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25 mai 2018

Bumble‐BEEHAVE : A systems model for exploring multifactorial causes of bumblebee decline at individual, colony, population and community level [Journal of Applied Ecology]

Keywords : agent‐based modelling, Bombus terrestris, bumblebees, colony decline, cross‐level interactions, foraging, multiple stressors, pollination

1.World‐wide declines in pollinators, including bumblebees, are attributed to a multitude of stressors such as habitat loss, resource availability, emerging viruses and parasites, exposure to pesticides, and climate change, operating at various spatial and temporal scales. Disentangling individual and interacting effects of these stressors, and understanding their impact at the individual, colony and population level are a challenge for systems ecology. Empirical testing of all combinations and contexts is not feasible. A mechanistic multilevel systems model (individual‐colony‐population‐community) is required to explore resilience mechanisms of populations and communities under stress.
2.We present a model which can simulate the growth, behaviour and survival of six UK bumblebee species living in any mapped landscape. Bumble‐BEEHAVE simulates, in an agent‐based approach, the colony development of bumblebees in a realistic landscape to study how multiple stressors affect bee numbers and population dynamics. We provide extensive documentation, including sensitivity analysis and validation, based on data from literature. The model is freely available, has flexible settings and includes a user manual to ensure it can be used by researchers, farmers, policy‐makers, NGOs or other interested parties.(...)

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25 mai 2018

Background selection and the statistics of population differentiation : consequences for detecting local adaptation [BioRxiv]

Background selection is a process whereby recurrent deleterious mutations cause a decrease in the effective population size and genetic diversity at linked loci. Several authors have suggested that variation in the intensity of background selection could cause variation in FST across the genome, which could confound signals of local adaptation in genome scans. We performed realistic simulations of DNA sequences, using parameter estimates from humans and sticklebacks, to investigate how variation in the intensity of background selection affects different statistics of population differentiation.(...)

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25 mai 2018

The African Bullfrog (Pyxicephalus adspersus) genome unites the two ancestral ingredients for making vertebrate sex chromosomes [BioRxiv]

Heteromorphic sex chromosomes have evolved repeatedly among vertebrate lineages despite largely deleterious reductions in gene dose. Understanding how this gene dose problem is overcome is hampered by the lack of genomic information at the base of tetrapods and comparisons across the evolutionary history of vertebrates. To address this problem, we produced a chromosome-level genome assembly for the African Bullfrog (Pyxicephalus adspersus)—an amphibian with heteromorphic ZW sex chromosomes—and discovered that the Bullfrog Z is surprisingly homologous to substantial portions of the human X.(...)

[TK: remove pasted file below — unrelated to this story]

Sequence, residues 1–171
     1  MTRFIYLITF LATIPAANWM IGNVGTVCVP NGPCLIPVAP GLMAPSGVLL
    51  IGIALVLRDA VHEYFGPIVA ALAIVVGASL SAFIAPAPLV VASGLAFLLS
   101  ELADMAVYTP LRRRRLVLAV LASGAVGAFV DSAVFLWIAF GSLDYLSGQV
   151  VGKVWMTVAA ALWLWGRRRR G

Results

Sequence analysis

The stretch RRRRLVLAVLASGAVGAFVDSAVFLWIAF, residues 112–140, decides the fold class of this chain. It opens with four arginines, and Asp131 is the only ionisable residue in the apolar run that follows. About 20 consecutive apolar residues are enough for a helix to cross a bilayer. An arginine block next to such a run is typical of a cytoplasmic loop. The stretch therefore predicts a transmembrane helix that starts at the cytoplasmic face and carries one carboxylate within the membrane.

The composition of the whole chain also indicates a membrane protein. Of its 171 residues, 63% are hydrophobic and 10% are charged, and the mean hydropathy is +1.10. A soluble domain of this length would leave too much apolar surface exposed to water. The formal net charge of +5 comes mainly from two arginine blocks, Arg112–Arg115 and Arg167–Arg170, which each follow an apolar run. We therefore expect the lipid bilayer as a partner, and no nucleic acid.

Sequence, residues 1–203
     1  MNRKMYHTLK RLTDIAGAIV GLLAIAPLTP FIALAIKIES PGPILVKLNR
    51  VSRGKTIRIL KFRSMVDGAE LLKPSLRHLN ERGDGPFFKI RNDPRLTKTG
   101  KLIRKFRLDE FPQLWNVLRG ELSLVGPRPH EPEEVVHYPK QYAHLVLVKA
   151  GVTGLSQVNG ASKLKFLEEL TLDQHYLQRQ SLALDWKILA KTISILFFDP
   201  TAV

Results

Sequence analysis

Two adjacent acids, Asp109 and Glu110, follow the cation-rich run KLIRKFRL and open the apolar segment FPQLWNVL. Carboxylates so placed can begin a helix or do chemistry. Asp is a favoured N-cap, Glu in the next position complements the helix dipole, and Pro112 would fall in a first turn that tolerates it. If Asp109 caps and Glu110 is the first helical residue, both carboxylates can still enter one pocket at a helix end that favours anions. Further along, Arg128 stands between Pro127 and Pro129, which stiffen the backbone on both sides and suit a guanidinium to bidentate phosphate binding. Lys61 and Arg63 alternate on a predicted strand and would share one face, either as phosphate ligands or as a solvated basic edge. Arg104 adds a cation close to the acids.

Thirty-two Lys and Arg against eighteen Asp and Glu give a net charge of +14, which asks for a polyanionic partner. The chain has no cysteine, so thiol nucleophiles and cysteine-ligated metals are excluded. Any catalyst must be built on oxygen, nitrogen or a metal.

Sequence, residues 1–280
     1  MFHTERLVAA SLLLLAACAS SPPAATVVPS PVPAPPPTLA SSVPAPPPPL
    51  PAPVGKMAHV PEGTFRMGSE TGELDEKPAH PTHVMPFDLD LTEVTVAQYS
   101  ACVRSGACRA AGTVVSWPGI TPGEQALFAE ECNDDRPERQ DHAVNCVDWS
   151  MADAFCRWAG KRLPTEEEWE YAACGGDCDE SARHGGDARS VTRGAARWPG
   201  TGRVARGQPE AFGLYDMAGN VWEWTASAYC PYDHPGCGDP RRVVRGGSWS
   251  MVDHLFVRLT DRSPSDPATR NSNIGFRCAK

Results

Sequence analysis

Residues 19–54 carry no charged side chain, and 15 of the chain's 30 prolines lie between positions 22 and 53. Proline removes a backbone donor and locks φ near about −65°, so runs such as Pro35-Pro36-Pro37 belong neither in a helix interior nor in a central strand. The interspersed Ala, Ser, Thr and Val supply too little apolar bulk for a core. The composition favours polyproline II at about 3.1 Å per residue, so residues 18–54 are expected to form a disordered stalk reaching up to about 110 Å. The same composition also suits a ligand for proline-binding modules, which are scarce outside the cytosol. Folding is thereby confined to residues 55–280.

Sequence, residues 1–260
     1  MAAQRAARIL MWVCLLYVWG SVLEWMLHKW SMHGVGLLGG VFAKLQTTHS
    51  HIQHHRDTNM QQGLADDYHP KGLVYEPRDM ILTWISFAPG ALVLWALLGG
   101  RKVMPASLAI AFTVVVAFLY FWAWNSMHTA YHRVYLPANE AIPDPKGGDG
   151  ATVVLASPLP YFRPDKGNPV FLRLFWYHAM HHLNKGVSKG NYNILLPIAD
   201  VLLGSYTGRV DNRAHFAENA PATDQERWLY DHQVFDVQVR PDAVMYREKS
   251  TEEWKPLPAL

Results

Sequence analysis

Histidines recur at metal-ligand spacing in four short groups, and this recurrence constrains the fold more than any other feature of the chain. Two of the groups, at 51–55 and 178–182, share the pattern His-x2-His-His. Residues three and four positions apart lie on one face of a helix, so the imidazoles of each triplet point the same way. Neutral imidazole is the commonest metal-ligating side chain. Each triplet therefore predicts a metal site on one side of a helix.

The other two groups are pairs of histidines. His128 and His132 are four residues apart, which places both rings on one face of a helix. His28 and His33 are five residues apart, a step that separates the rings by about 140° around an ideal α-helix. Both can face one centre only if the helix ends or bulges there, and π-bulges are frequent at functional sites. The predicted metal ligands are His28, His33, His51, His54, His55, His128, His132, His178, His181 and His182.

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24 mai 2018

Body-size shifts in aquatic and terrestrial urban communities [Nature]

Keywords : community ecology, urban ecology

Body size is intrinsically linked to metabolic rate and life-history traits, and is a crucial determinant of food webs and community dynamics. The increased temperatures associated with the urban-heat-island effect result in increased metabolic costs and are expected to drive shifts to smaller body sizes. Urban environments are, however, also characterized by substantial habitat fragmentation, which favours mobile species. Here, using a replicated, spatially nested sampling design across ten animal taxonomic groups, we show that urban communities generally consist of smaller species. In addition, although we show urban warming for three habitat types and associated reduced community-weighted mean body sizes for four taxa, three taxa display a shift to larger species along the urbanization gradients.(...)

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24 mai 2018

Human activities might influence oncogenic processes in wild animal populations [Nature Ecology & Evolution]

Keywords : cancer, ecology, evolution

Based on the abundant studies available on humans showing clear associations between rapid environmental changes and the rate of neoplasia, we propose that human activities might increase cancer rate in wild populations through numerous processes. Most of the research on this topic has concentrated on wildlife cancer prevalence in environments that are heavily contaminated with anthropogenic chemicals. Here, we propose that human activities might also increase cancer rate in wild populations through additional processes including light pollution, accidental (for example, human waste) or intentional (for example, bird feeders) wildlife feeding (and the associated change of diet), or reduction of genetic diversity in human-impacted habitats.(...)

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